A family legacy of proud military service
Anthony Doane grew up in a middle-class family in the small coastal town of Westover, Maryland.
He got good grades in high school, but he knew he wasn’t ready for college, so during his junior year he decided to enlist in the military.
Joining the Navy was an easy decision for Doane. His stepdad served in the Army, his Uncle Jake was in the Air Force and his Uncle Elliot was a lieutenant colonel in the Army.
“Growing up in a military family and around water, it just felt like a natural fit to join the Navy,” Doane said.
Doane joined Denver Water in 2004 and today works as an environmental compliance specialist, ensuring hazardous and nonhazardous materials are stored and disposed of properly at all of Denver Water’s many facilities and work locations. It’s a job that uses many of the skills he developed during his more than 15-year career in the Navy.
“The things I learned in my service, like the value of teamwork and the importance of planning ahead, I bring to my work at Denver Water every day,” Doane said.
In July 1978, two months after graduating from high school, Doane left Maryland for six weeks of basic training in Orlando, Florida.
“It was a real adjustment,” Doane said. “In the military, there are no suggestions — you do what you are told. You sleep when they tell you. You eat when they tell you. Not a single minute of your day belongs to you, and everyone is the same. Everyone has the same haircut, the same clothes, you march the same, you talk the same.
“It’s really quite amazing to see 70 to 80 recruits with different backgrounds and from so many different places coming together as a single unit.”
The first lesson he learned in basic training was the importance of teamwork.
“When you’re on a ship you have to work together. There’s no room for conflict. It’s critical that you work as a team,” Doane said.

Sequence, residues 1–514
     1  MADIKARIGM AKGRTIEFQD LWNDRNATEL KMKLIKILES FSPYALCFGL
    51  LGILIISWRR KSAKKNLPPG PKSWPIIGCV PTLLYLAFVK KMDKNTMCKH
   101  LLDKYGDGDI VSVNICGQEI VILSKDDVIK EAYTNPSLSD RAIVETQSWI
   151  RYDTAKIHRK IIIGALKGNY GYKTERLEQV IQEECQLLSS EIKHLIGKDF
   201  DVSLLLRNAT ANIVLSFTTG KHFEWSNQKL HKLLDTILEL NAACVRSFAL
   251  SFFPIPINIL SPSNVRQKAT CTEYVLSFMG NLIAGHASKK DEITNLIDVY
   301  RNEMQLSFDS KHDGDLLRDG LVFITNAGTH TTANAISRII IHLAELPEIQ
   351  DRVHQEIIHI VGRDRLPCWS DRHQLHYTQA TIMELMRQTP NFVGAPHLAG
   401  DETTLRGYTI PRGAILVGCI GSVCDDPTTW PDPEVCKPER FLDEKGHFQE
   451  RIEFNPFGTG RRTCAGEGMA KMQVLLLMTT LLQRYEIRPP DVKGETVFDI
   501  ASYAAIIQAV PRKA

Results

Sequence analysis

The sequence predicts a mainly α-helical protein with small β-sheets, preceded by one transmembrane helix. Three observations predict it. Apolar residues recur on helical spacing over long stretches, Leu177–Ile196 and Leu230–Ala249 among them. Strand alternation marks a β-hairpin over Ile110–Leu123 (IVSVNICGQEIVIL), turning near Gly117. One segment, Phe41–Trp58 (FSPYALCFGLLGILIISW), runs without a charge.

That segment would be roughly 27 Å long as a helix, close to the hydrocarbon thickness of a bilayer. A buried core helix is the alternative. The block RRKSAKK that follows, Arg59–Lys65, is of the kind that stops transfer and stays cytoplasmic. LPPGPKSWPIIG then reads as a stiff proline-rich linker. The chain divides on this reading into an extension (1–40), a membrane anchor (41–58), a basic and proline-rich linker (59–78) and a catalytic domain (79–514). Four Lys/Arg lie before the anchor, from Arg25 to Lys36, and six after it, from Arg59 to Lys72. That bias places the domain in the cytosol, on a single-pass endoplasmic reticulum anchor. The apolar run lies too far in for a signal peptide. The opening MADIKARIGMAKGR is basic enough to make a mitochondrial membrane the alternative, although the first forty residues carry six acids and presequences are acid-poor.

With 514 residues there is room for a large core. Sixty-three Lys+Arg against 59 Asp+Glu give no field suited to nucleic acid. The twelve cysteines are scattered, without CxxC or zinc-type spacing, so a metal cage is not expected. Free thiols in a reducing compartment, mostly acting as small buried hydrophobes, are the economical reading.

After basic training, he headed to Millington, Tennessee, where he spent three months learning the ins and outs of his job as an air frames power plant mechanic, responsible for inspecting all structural aspects of the planes before and after takeoff to ensure they were flight ready.
With basic training and job-specific education under his belt, Doane was stationed at the naval air base in Lemoore, California, where he served as a sailor on the 200-member VA25 Squadron, known as the “Fist of the Fleet.”
Over the next 15 years, Doane lived and worked on the USS Ranger, USS Constellation, and the USS Kitty Hawk, inspecting and repairing attack and fighter aircraft.
His span of military service included the Iranian conflict under former President Jimmy Carter’s administration, which ran from 1977 to 1981, to Desert Storm and Desert Shield in the early 1990s. His service also sent him across the Pacific Ocean to Hawaii, Guam, Singapore, Thailand, the Philippines and Japan.
“The work was challenging, but I enjoyed it. I had time to study and work on courses to advance my career, and I made friendships that I still have today,” Doane said.
Though life as a sailor — confined aboard a ship for six to nine months at a time — can be difficult for some, Doane was able to find beauty and peace in his experience.
“It was amazing to see whales and dolphins just a few yards away. At night, I’d sit on the deck and look out at the bright moon reflecting on the water and feel the cool breeze blowing across the surface of the ocean. I found such tranquility in those moments,” he said.
After six years of active duty and nearly 10 years in the active reserves, Doane received an honorary discharge in 1996 and transitioned to civilian life, taking all he learned in the military into the next phase of his life and to his work at Denver Water.
In 1998, Doane married wife Paula, and they had two children: daughter Pavi-elle and son Raymon.
The family legacy of military service grew. Paula served 34 years in the Army and Army reserves, and Pavi-elle served four years in the Navy, stationed in some of the same places her father served two decades earlier, including Lemoore, California and Japan.
Doane believes his time in the Navy helped shape who he is today.
“It was one of the best decisions I have ever made,” he said.
“The military taught me maturity and discipline. It gave me structure, taught me the importance of punctuality and to plan. Most importantly, the military echoed a sentiment that my mother instilled in me as a boy — representing myself with pride.”